School self-evaluation: a case of a public secondary school in Kiambu County, Kenya.

Date of Award


Document Type


Degree Name

Master of Education (MEd)

First Supervisor/Advisor

Dr. Geoff Tennant

Second Supervisor/Advisor

Dr. Shelley Jones


Institute for Educational Development, East Africa


Moves to expand both quality of education and the number of children in school have been highlighted across the world for many years. This has heightened the need for monitoring mechanisms, which, alongside decentralisation of control, have increasingly turned from external inspection to self-evaluation. The use of self-evaluation as a means of school improvement is well documented in the developed world. Evidence of its use in the developing world can be found with, so far, little research literature alongside. This research, therefore, sought to explore how a secondary school in Kenya has implemented school self-evaluation. It aimed to explore the views of teachers and school managers on the purpose of school self-evaluation, strategies in place that guided implementation and factors that facilitate and hinder successful implementation of selfevaluation. The study employed a mixed methods approach involving sixty one participants. Data was collected through a questionnaire given to all teachers in the school, interviews with school leaders and document analysis. Findings revealed that teachers at all levels of seniority considered that selfevaluation, in principle, was effective in supporting students’ learning through monitoring and sharing feedback of students’ progress, effective communication, supportive relationships and shared leadership. However, participants reported that, in practice, large teaching workloads, centralized and hierarchical leadership styles, insufficient training and professional support are factors that hindered the school from fully utilising the potential of self-evaluation. The study therefore calls for professional development for school leaders and quality assurance officers to equip them with necessary skills on how to implement successful school self-evaluation. The study recommends that schools looking to improve their quality education provision should engage all its stakeholders, recognising the time implications, in systematic reflection and endeavour to institutionalize school selfevaluation as a normal practice for sustainable school improvement.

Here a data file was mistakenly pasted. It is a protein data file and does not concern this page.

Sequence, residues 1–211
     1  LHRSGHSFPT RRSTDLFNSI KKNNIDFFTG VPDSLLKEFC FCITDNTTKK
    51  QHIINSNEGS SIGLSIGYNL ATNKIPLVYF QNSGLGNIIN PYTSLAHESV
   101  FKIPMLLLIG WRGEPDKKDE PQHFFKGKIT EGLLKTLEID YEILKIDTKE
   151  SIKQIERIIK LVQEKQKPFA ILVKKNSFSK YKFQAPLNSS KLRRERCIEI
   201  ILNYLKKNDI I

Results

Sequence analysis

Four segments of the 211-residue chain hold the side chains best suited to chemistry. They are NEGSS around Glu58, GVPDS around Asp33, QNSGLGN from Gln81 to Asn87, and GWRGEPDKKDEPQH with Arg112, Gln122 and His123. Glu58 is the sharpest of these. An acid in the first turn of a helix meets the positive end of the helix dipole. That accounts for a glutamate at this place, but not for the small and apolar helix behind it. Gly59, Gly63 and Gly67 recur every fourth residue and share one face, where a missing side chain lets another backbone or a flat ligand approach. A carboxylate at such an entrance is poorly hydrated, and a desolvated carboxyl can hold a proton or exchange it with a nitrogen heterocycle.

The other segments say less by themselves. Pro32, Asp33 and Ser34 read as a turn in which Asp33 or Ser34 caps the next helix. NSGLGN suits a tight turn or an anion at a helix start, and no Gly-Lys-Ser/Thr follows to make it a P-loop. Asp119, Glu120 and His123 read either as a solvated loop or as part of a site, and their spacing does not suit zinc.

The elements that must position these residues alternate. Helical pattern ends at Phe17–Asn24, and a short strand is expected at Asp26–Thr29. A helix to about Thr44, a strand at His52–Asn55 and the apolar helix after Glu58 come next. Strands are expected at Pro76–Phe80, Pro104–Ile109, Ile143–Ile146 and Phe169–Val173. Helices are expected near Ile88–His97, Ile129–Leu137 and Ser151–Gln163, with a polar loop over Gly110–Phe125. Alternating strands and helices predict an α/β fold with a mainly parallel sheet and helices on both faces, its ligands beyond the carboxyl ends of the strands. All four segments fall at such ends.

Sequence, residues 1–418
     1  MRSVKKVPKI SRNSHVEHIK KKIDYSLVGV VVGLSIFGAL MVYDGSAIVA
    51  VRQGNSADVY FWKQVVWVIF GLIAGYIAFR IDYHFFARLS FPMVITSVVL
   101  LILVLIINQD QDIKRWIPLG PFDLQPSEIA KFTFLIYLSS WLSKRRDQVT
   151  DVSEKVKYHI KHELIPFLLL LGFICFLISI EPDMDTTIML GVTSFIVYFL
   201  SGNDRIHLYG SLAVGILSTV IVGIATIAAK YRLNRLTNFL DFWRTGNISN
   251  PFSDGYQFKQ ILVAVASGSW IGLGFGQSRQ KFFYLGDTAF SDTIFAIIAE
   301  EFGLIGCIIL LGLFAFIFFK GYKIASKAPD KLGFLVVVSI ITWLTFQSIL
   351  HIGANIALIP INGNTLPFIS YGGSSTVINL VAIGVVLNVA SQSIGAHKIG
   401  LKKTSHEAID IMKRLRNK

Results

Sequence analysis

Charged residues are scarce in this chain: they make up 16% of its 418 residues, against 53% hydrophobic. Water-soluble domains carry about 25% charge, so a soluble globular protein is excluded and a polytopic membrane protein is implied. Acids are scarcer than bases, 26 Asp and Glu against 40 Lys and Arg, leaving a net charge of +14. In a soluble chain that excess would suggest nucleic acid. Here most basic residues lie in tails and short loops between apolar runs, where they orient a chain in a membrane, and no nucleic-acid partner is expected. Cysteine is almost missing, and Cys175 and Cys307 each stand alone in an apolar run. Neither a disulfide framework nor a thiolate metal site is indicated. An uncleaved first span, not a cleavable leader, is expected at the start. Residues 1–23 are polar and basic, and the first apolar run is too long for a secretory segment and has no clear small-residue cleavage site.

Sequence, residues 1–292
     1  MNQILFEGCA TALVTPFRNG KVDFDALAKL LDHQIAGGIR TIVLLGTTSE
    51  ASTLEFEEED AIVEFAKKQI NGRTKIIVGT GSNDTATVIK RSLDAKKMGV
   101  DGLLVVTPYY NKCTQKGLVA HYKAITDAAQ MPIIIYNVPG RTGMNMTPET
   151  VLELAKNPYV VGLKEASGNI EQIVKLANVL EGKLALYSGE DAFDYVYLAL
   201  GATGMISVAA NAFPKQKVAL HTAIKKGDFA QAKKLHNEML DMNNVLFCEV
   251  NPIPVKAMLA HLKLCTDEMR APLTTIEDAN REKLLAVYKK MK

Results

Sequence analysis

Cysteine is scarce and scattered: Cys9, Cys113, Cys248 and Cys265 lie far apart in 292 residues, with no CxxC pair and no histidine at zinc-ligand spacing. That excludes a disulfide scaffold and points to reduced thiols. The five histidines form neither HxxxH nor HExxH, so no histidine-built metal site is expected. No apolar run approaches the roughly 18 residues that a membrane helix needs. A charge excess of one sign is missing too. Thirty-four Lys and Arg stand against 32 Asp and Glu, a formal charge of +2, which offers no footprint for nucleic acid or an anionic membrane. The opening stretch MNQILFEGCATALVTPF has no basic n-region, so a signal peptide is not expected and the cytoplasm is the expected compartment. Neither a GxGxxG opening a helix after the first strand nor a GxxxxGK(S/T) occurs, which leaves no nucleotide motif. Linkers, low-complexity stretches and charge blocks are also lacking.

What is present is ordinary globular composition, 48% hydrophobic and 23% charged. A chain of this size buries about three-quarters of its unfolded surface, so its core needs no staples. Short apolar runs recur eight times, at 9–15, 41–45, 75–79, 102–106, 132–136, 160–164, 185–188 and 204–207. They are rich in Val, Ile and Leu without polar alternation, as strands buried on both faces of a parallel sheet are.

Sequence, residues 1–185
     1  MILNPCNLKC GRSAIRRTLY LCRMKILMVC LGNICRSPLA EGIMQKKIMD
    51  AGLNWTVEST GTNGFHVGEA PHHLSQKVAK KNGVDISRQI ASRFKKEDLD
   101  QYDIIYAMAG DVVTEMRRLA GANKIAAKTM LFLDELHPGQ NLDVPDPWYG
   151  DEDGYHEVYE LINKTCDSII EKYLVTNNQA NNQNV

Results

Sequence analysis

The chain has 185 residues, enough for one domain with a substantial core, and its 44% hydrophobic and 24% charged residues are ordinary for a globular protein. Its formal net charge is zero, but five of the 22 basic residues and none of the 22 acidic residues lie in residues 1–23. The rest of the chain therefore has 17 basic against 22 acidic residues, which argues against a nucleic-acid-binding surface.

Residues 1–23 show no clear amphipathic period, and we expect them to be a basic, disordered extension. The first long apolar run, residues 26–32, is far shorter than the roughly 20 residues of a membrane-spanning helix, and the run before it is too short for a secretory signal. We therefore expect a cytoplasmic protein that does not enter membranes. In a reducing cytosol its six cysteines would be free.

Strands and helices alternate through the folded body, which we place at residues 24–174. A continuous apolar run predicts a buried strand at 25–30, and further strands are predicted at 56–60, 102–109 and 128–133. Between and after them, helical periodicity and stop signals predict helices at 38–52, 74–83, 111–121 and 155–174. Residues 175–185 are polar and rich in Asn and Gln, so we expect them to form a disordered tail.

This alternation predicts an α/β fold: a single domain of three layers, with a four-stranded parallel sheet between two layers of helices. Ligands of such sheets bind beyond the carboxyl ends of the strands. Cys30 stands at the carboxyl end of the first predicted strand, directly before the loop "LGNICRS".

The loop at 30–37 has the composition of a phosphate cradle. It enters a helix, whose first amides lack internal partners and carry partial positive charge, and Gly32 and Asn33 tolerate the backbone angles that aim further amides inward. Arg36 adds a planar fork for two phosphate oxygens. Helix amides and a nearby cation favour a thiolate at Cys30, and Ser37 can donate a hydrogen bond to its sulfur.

This document is available in the relevant AKU library